Obvious Truths We Shouldn't Be Ignoring Series (Part 7)

This is the seventh blog post in the ‘Obvious Truths We Shouldn't Be Ignoring Series.’ This series is based upon eight ‘Obvious Truths’ presented by Alfie Kohn in his "Ten Obvious Truths That We Shouldn't Be Ignoring" published in the September 2011 issue of The Education Digest.

"We want children to develop in many ways, not just academically.”

While we certainly aren't dealing with children when educating prisoners, we are dealing with many of the same issues. In Kohn's piece, he notes that education is not solely about the child's academic development, but much more.

Kohn speaks about educating the "whole child" as in "...physical, emotional, social, moral, and artistic growth as well as their intellectual growth." He states that "...schools should play a key role in promoting many different forms of development." How revolutionary – yet true – these statements are! If only the American people would see the same is true with prison education and the incarcerated.

While correctional education is seen as something of a drain on taxpayer's dollars or a reward for bad behavior, it is rarely seen as what it truly is: a tool for social change which benefits all Americans.

It should be noted that this is the secret of prison education. Although the offender receives an education, the prison administration and American people benefit much more. And yes, this is something that the average prisoner would take offense with. But, I'm not the average prisoner. As a matter of fact, through my own education – an education obtained behind bars – I have come to view myself in the role of college student, educator, and author. I wonder what this says about my own socialization through correctional education.

What I have come to understand is that those who come to prison are deficient in some manner. The deficiency could be a social skills issue, mental development issue, a socialization issue, or even a substance abuse issue. Regardless of the reason, something was amiss which prompted the individual to violate social mores and be sanctioned with incarceration.

By placing the offender in prison, society is protected – for a time – but the offender does not automatically become rehabilitated through time behind bars. This is because reflection is not an adequate modality of treatment. Something more is needed. That something more is education.

At the very basic level the inmate must learn how to read and write. This is necessary for a proper life in this day-and-age. This is facilitated through courses leading to the earning of a GED. No human being – regardless of past conduct – should ever be deprived of the inalienable right of being literate and able to communicate.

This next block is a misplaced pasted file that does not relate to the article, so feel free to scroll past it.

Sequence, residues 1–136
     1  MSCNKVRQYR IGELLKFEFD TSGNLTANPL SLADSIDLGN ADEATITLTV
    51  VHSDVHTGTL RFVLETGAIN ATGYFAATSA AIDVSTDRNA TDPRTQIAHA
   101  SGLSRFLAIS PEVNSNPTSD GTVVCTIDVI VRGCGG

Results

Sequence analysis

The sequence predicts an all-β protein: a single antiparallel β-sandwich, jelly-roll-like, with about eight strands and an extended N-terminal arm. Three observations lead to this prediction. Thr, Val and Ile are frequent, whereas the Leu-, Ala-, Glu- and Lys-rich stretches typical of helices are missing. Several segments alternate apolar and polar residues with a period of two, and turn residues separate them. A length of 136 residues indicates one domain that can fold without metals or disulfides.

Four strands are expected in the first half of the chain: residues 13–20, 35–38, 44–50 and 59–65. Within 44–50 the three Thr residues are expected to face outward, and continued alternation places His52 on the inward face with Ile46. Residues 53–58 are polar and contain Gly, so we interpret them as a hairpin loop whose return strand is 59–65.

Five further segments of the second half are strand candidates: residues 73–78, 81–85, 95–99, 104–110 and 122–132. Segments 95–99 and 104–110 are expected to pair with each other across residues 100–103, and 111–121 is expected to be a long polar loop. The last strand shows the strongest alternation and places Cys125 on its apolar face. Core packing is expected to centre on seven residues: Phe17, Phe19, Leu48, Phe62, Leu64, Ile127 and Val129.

As previously mentioned, the pursuit of an education is more than an academic credential. Because the incarcerated student pushes forward, working hard, and progressing in their studies, growth under the surface is taking place. This is re-socialization/anticipatory socialization in action. With each course completed the incarcerated student's moral, ethical, and practical equilibrium becomes more balanced. Their internal compass and ideas begin to shift from that of a criminal to that of a normal mental status.

As the student undertakes higher and higher levels of education (e.g. career/vocational studies, undergraduate studies, graduate studies), the socialization factor of education becomes that much more profound. My personal experience has shown me that once the incarcerated student reaches the college-level of studies, they – as I did – begin to align their own values with those values upheld by the general American public. Hence, they play nice and abide by established social norms.

It should be noted that my personal experience could not be considered a representative sample, but it is my belief that my experience is typical of someone in my position. This belief is substantiated somewhat by studies on recidivism which show that the higher the level of education obtained, the lower the recidivism rate of ex-offenders. I wholeheartedly believe that after a number of years in the pursuit of a higher education, something clicks. The offender no longer desires the follies of their past, but the successes of their law abiding future.

The long and short of it is that an education – to a child or convict – is not only an education, but an experience. With the right tools, many more prisoners can receive this experience and many of those can find what I've found. They can understand life from a new, more productive perspective and look forward to a life outside of prison, a life perhaps not all that different from your own.